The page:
Africa: Green hydrogen to boost climate finance for growth

According to a recent analysis, maximizing the potential of carbon credits and investing in power storage and green hydrogen can assist Africa in mobilizing climate financing for prosperity. This might facilitate the continent’s transition to sustainable energy and increase access to electricity for all.

For governmental and corporate decision-makers, six critical proposals on climate finance for African growth have been provided. On how to finance decarbonized growth in Africa and its energy transition, it makes a number of practical yet aspirational proposals.

It made six suggestions for increasing the mobilization of climate financing for African growth based on a series of in-depth analyses of business cases and a series of exclusive interviews with influential decision-makers.

The following six suggestions are:

  • enact thorough regulation and realistic planning
  • Upstream initiatives should be structured to reduce hazards.
  • Increase the use of development finance institutions to mobilize global savings
  • and the potential of carbon credits to the fullest
  • Include gas in the just transition to energy
  • Invest immediately in green hydrogen and power storage

The paper states that in order to guarantee the security of the energy supply, African nations must adopt realistic and meticulous planning.

The World Bank predicts that between now and 2050, the population of Africa will quadruple due to its unheard-of expansion. By 2050, the world’s population is projected to grow from 1.2 billion to 2.4 billion, with roughly one in four people residing in Sub-Saharan Africa.

600 million Africans do not now have access to electricity. Therefore, the research states that the most urgent concern facing the continent is access to power.

Despite only contributing 4% of the world’s greenhouse gas emissions, Africa’s emissions are increasing as a result of its predominantly carbon-based energy mix.

Between 2016 and 2021, 964 gas, oil, and coal projects in Africa received at least $132.3 billion in funding from public and private sector financial institutions. According to the research, this financing is keeping Africa from a “fair transition.”

The existing energy system must be changed from an extractive, fossil fuel-based economy to a renewable, regenerative economy in order to achieve a “fair transition.”

The proposals state that in order to achieve decarbonization, Africa must utilize its enormous potential for renewable energy. Half of the remainder of the world’s energy mix is made up of renewable energy on the continent.

One opportunity being investigated by what is now referred to as climate financing is the development and spread of renewable energy. It encompasses all financial tools, both governmental and private, created to reduce greenhouse gas emissions or prepare for climate change.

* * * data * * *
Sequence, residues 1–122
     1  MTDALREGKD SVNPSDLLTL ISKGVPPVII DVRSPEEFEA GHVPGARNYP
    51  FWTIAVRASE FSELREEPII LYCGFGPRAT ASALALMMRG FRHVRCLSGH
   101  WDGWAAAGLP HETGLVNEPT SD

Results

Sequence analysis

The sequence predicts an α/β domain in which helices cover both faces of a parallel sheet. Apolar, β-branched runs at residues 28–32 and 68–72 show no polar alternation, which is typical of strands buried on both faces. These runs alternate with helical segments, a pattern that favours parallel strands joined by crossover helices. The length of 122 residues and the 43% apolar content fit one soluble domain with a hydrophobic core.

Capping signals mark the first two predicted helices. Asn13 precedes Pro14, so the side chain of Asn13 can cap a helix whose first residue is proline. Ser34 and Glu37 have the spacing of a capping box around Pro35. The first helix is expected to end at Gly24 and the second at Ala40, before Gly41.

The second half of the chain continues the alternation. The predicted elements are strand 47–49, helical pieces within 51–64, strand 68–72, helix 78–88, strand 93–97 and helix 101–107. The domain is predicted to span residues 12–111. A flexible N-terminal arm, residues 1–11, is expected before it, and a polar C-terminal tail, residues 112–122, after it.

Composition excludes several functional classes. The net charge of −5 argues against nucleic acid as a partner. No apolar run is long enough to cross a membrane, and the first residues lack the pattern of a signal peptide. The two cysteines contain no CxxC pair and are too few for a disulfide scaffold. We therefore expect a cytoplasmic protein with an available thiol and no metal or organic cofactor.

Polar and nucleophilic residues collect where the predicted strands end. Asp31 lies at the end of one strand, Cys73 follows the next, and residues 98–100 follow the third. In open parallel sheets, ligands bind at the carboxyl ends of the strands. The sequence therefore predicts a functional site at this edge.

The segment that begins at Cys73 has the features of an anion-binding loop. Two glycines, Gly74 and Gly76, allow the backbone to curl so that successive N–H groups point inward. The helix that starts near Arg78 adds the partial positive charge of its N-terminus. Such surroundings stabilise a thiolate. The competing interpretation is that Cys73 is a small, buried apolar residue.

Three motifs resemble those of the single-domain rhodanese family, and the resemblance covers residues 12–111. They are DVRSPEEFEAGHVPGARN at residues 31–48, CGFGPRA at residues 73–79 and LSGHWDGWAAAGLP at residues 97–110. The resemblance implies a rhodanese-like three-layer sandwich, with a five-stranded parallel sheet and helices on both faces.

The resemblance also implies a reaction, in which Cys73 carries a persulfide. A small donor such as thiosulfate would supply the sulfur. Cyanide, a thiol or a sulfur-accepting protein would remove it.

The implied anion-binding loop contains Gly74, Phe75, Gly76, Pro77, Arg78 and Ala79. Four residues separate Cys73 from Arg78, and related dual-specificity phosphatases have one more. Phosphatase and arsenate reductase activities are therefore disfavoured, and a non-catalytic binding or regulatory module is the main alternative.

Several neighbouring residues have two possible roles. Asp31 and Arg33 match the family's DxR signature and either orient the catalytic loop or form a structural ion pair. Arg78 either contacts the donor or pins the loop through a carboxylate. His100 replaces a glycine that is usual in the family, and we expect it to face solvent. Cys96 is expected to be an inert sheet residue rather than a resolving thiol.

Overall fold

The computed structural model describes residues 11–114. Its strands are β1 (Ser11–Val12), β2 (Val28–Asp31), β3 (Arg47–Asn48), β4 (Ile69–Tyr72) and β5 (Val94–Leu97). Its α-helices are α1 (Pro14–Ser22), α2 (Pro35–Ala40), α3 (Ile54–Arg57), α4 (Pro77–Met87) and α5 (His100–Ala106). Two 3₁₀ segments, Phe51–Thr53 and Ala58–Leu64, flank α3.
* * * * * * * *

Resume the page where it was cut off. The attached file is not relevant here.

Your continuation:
According to a report by the International Energy Agency, an independent intergovernmental organization, Africa needs investments totaling more than $190 billion year between 2026 and 2030, with two-thirds going to sustainable energy.

In 2021, the market for voluntary carbon credits hit $1 billion. From this source of climate funding, Africa’s renewable energy sector should be able to gain more.

The private sector has a negligible impact on the financing of climate change in Africa. Less than 20% ($4 billion) of all climate funding provided to Africa in 2019–2020 was provided by private investors, mostly foreign investors.

Less than 3% of climate financing is still directed to Sub-Saharan Africa. A crucial part of climate financing, particularly in Africa, is played by development finance institutions, which are often international or bilateral organizations that provide public cash.

The average annual amount of climate money needed across the continent is $632 billion. However, the Climate Policy Initiative only allocated $21 billion to Africa in 2019–2020. According to the study, of this, $19 billion was funded by public sources (mostly DFIs).

The development of renewable energy, which receives 60% of this funding, is a prime example of its significance in supporting mitigation and adaptation strategies in Africa. The financing is required to ensure that Africa is electrified and is estimated to cost $25 billion a year up until 2030.

To achieve the climate goals outlined in the Paris Agreement, Africa must drastically alter its energy mix by phasing out coal. According to the research, coal presently accounts for over 40% of primary energy consumption, with the majority of that demand concentrated in South Africa.

According to Akim Daouda, general director of the Sovereign Wealth Fund of the Gabonese Republic, carbon markets are an effective strategic tool that may aid Africa in leveraging and supporting environmental preservation while fostering economic progress.

African politicians protested against a sudden shift away from fossil fuels on September 9, 2022, while calling for a substantial expansion of climate money for their region. Two months before the COP27 United Nations Climate Change Conference, which took place in 2022, there was a meeting in Cairo.

A conference and expo called Hydrogen-Africa will provide further information about hydrogen in Africa.

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